The first of these interrogations, against Kuwait’s minister of information, occurred on the parliament’s opening day. No-confidence votes had been planned the following day for a cabinet minister who is also a member of Kuwait’s al-Sabah royal family — but news of the resignations preempted it.

A cabinet reshuffle is an indication that the opposition’s tactics were effective in the short term. However, because there is no deadline by which a new cabinet must be appointed, the government may also be able to break the opposition’s momentum on opposition to austerity. The government can also use the moratorium on parliament sessions as a bargaining chip to wrest concessions from the opposition before it announces a new cabinet.

Showing support for the emir

Kuwait’s 22-person cabinet was itself formed following a reshuffle last December. The prime minister, historically a member of the royal family, leads the cabinet members — who generally carry out the agenda of the emir. (Though, unlike the emir, cabinet ministers are not legally shielded from public criticism.) Several of these ministers have played a major role in Kuwait’s austerity efforts, and while some of these ministers may be reappointed to the cabinet, their resignations signal their personal support for the emir and the government’s agenda.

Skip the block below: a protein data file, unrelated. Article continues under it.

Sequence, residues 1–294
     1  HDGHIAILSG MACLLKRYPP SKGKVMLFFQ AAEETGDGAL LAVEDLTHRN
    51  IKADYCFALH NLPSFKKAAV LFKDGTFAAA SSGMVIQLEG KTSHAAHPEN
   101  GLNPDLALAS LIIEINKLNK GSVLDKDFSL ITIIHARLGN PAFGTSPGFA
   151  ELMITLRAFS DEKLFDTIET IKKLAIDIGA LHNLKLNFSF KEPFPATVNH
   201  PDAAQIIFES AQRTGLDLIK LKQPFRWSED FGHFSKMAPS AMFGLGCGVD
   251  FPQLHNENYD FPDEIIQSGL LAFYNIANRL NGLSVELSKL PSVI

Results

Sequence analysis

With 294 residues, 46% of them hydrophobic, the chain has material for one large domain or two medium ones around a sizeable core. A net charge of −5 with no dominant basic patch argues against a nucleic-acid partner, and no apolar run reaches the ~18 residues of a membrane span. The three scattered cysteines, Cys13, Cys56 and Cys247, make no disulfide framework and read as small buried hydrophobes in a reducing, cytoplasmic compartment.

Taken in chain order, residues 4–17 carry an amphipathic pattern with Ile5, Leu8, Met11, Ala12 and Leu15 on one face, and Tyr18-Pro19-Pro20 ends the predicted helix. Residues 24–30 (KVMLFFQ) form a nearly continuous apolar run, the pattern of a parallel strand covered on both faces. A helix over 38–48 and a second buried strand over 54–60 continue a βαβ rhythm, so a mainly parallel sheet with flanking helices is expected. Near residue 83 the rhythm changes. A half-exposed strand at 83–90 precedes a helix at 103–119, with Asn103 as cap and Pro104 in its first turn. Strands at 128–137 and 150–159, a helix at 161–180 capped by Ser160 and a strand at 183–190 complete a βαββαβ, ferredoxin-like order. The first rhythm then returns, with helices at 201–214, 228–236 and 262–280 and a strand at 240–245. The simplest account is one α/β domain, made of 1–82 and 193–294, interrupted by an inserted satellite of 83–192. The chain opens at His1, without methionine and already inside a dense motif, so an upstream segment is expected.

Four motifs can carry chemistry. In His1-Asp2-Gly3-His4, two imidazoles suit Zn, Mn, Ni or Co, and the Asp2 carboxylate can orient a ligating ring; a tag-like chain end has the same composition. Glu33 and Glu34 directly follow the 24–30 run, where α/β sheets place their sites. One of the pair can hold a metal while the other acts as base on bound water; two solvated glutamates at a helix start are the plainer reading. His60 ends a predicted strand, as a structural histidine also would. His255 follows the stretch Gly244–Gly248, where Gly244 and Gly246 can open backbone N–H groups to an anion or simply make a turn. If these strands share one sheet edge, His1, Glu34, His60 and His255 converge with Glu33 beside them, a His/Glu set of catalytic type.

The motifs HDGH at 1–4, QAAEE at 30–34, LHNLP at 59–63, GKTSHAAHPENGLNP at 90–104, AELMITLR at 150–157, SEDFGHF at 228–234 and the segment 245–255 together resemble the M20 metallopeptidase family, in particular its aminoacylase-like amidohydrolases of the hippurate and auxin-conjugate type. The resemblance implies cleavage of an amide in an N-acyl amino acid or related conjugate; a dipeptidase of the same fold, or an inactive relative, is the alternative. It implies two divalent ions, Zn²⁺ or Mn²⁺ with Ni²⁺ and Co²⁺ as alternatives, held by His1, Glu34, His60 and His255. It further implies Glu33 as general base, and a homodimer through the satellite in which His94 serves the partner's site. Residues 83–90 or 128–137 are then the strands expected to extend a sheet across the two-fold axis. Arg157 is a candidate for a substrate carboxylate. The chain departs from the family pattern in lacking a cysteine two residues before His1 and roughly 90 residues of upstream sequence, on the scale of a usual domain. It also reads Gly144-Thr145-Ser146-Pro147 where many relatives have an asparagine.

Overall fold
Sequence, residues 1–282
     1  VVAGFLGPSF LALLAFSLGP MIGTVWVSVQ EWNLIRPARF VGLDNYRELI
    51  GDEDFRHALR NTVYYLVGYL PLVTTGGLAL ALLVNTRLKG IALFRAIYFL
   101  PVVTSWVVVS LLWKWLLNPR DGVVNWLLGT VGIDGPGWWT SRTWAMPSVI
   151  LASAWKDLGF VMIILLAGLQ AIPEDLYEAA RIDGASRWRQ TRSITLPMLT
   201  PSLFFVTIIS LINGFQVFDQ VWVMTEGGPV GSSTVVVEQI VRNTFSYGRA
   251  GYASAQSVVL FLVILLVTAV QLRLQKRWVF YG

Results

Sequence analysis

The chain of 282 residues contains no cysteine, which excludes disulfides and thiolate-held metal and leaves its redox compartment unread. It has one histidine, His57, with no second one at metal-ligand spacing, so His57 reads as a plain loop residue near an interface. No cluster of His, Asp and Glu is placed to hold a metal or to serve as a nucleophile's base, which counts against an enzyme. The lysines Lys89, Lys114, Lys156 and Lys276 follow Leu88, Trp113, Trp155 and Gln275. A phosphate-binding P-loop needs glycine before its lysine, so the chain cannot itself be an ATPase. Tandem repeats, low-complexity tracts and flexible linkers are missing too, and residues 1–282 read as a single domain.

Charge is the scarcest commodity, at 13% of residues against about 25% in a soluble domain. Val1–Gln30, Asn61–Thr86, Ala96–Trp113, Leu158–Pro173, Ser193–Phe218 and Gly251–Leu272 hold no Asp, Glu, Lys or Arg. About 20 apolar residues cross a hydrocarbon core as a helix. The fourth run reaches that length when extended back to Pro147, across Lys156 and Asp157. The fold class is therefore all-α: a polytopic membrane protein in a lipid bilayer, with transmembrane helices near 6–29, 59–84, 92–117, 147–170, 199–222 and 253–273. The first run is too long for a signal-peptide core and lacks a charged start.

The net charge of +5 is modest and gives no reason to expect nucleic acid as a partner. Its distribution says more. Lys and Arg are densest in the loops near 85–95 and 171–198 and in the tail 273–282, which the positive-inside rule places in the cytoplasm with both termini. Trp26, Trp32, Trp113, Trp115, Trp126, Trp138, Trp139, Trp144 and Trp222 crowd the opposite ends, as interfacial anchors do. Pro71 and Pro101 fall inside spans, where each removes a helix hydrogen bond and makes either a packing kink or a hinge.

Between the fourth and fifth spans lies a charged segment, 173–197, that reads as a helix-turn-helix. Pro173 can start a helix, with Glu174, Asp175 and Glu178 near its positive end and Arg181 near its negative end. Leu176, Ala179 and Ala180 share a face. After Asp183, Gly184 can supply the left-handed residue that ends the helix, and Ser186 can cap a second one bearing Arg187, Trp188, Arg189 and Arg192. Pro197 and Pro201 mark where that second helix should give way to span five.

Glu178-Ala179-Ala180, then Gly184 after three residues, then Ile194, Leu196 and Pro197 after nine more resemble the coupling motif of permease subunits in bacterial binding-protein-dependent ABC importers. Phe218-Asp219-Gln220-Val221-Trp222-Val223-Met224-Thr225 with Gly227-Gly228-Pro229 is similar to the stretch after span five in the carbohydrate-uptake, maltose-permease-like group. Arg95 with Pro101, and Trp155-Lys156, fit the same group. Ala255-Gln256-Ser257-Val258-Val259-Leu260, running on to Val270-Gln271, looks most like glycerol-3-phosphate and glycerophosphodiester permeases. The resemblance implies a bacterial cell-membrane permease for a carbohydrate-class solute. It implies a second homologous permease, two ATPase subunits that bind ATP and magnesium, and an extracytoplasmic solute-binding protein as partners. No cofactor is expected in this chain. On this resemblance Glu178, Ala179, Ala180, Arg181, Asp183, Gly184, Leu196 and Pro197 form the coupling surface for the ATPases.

With the mass resignations, the government’s primary intention was to reshuffle the cabinet. In fact, the prime minister has already been reappointed to form the new cabinet. They also indicate the emir’s willingness to reshuffle the cabinet should it fall short of achieving the goals of austerity — a standard that many in parliament have advocated.

Unpopular austerity plans

Kuwait has not been immune to the wave of global nativism. Discussions of expatriate and noncitizen access to social welfare dominated the political debate recently. These discussions have extended to talk of extreme taxes on expats — from a driving tax to one that even taxes expats for walking on pavement.